Wiedergutmachung

The German word Wiedergutmachung after World War II refers to the reparations that the German government agreed to pay in 1953 to the direct survivors of the Holocaust, and to those who were made to work as forced labour or who otherwise became victims of the Nazis. The sum would amount, through the years, to over 100 billion Deutsch Marks. Historian Tony Judt writes about Wiedergutmachung:

In making this agreement Konrad Adenauer ran some domestic political risk: in December 1951, just 5 percent of West Germans surveyed admitted feeling ‘guilty’ towards Jews. A further 29 percent acknowledged that Germany owed some restitution to the Jewish people. The rest were divided between those (some two-fifths of respondents) who thought that only people ‘who really committed something’ were responsible and should pay, and those (21 percent) who thought ‘that the Jews themselves were partly responsible for what happened to them during the Third Reich.’ When the restitution agreement was debated in the Bundestag on March 18th 1953, the Communists voted against, the Free Democrats abstained and both the Christian Social Union and Adenauer’s own CDU were divided, with many voting against any Wiedergutmachung (reparations).

The noun Wiedergutmachung is the general term for "restitution" or "reparation". The noun is made up of wieder ("again"), gut ("good" or "well"), and machung, a verbal noun of machen ("to make"). The verb wiedergutmachen means literally "to make well again" or to compensate. Wiedergutmachungsgeld means "Wiedergutmachung money".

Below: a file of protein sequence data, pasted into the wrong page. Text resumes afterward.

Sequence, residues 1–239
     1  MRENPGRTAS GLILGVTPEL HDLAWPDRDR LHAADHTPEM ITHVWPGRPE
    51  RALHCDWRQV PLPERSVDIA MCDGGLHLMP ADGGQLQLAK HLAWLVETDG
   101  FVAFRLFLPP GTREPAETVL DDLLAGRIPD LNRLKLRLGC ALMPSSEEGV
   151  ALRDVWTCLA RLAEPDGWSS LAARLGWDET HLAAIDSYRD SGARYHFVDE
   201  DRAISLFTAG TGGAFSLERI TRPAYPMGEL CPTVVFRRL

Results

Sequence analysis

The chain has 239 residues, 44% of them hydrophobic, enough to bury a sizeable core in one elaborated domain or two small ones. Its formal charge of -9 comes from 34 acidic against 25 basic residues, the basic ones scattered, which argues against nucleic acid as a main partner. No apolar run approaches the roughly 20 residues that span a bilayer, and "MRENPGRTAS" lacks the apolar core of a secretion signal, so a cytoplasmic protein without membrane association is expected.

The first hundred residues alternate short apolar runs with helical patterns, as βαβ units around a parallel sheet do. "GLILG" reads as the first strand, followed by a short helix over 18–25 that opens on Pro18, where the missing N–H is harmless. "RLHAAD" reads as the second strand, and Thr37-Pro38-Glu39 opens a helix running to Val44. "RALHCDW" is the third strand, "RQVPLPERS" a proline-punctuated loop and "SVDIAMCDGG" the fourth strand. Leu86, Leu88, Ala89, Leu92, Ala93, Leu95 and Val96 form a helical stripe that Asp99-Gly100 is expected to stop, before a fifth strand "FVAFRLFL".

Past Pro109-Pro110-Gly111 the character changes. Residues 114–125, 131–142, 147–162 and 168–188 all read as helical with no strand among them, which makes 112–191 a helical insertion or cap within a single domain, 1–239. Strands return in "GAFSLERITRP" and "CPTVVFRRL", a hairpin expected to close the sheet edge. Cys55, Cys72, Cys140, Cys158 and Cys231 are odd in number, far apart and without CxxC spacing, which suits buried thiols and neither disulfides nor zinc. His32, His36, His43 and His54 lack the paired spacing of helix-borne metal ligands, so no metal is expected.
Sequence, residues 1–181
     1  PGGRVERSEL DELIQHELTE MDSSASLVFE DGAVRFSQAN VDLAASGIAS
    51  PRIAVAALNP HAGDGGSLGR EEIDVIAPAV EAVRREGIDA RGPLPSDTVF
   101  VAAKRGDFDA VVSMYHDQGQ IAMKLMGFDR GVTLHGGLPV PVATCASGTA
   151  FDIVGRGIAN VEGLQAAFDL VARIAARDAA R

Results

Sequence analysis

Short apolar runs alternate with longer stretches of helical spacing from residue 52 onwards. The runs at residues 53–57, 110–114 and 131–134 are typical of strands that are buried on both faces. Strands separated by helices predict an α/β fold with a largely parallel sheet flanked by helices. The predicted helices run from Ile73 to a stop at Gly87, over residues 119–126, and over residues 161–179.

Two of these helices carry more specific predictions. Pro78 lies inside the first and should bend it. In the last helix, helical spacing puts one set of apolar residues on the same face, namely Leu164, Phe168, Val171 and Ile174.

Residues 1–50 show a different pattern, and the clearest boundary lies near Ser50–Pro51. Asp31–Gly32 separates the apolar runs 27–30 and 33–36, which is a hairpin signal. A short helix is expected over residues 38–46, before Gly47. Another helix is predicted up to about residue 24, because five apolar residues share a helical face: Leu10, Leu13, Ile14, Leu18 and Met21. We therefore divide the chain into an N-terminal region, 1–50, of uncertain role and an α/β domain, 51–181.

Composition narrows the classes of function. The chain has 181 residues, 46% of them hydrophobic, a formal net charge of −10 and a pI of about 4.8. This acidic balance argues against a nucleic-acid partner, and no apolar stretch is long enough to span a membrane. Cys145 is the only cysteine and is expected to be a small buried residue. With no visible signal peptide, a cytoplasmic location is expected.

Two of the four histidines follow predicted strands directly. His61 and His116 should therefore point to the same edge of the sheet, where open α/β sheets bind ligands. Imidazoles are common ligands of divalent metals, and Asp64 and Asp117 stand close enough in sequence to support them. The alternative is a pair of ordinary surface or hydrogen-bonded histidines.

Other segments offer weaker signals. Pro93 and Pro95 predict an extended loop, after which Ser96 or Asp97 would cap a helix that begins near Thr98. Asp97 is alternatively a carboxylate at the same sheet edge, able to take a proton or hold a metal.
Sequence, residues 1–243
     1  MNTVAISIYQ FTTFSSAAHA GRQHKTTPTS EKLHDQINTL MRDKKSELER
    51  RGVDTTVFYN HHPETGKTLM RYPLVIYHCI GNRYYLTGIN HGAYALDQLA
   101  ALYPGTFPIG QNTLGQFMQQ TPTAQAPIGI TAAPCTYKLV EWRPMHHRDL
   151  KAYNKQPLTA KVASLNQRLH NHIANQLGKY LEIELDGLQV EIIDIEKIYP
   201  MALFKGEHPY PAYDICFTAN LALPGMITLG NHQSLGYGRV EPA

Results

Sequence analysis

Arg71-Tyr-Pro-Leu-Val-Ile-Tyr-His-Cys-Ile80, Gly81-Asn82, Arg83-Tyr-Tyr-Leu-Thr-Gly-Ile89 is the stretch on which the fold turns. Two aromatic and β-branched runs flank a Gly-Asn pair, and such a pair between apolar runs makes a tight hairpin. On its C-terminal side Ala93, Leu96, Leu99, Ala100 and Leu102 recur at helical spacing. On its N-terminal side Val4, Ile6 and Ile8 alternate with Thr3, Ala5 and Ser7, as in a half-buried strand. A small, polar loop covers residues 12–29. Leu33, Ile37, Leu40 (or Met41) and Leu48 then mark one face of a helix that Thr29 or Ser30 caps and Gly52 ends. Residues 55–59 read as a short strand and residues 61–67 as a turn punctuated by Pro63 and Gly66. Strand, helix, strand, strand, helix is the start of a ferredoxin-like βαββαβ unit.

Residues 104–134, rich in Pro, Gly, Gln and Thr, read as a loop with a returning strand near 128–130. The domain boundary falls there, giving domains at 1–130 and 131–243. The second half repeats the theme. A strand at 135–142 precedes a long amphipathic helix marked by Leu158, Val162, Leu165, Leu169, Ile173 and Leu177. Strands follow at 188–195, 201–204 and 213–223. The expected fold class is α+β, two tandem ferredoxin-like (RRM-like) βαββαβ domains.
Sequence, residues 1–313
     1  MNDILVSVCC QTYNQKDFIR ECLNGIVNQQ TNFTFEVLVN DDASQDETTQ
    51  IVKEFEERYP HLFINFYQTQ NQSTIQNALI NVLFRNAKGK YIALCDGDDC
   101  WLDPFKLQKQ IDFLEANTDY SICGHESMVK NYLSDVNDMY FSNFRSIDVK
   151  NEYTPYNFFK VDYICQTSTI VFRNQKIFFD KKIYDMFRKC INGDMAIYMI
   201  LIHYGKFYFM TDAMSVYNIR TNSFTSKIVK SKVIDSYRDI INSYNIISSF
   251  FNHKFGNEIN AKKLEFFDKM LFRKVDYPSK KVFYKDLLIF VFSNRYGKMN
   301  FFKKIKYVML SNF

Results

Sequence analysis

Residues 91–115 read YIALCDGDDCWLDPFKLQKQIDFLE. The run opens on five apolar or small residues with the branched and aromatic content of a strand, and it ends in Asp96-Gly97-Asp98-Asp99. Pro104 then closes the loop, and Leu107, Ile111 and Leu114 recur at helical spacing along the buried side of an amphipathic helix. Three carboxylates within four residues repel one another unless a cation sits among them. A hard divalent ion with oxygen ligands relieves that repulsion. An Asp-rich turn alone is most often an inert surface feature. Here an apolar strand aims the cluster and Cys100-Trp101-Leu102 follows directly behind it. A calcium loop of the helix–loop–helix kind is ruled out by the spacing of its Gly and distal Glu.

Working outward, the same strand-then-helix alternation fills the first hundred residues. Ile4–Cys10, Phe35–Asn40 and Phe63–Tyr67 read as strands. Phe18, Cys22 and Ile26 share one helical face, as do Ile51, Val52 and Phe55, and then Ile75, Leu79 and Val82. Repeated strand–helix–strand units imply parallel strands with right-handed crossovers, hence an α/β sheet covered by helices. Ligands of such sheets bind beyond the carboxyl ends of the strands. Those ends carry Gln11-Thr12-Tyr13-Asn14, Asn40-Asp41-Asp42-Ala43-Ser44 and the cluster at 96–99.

In the former East Germany, Wiedergutmachung was mostly directed to Poland and the former USSR.

The German federal office in charge of this issue is BEG (abbreviation for "Bundesentschädigungsgesetz", which translates into English as "Federal Compensation Law") which, in its charter, states:

Individuals who were persecuted for political, racial, religious or ideological reasons by the wartime German regime are eligible for money from the German government under the terms of the Federal Compensation Law (BEG) of 1953 and 1956. This includes Jews who were interned in camps or ghettos, were obliged to wear the star badge, or who lived in hiding.

Only people who were directly victimised are eligible for Wiedergutmachung, and not, for example, offspring born after the war or grandchildren. Statistics concerning Wiedergutmachung payments were released by the BEG through the mid-1980s, but have not since been publicly released. As of the mid-1980s, over four million claims had been filed and paid. Approximately 40% of the claims were from Israel, where many Holocaust survivors live, 20% were from Germany, and 40% were from other countries.

An unusual compensation was to the Republic of Ireland, a neutral country, for bombings in 1941.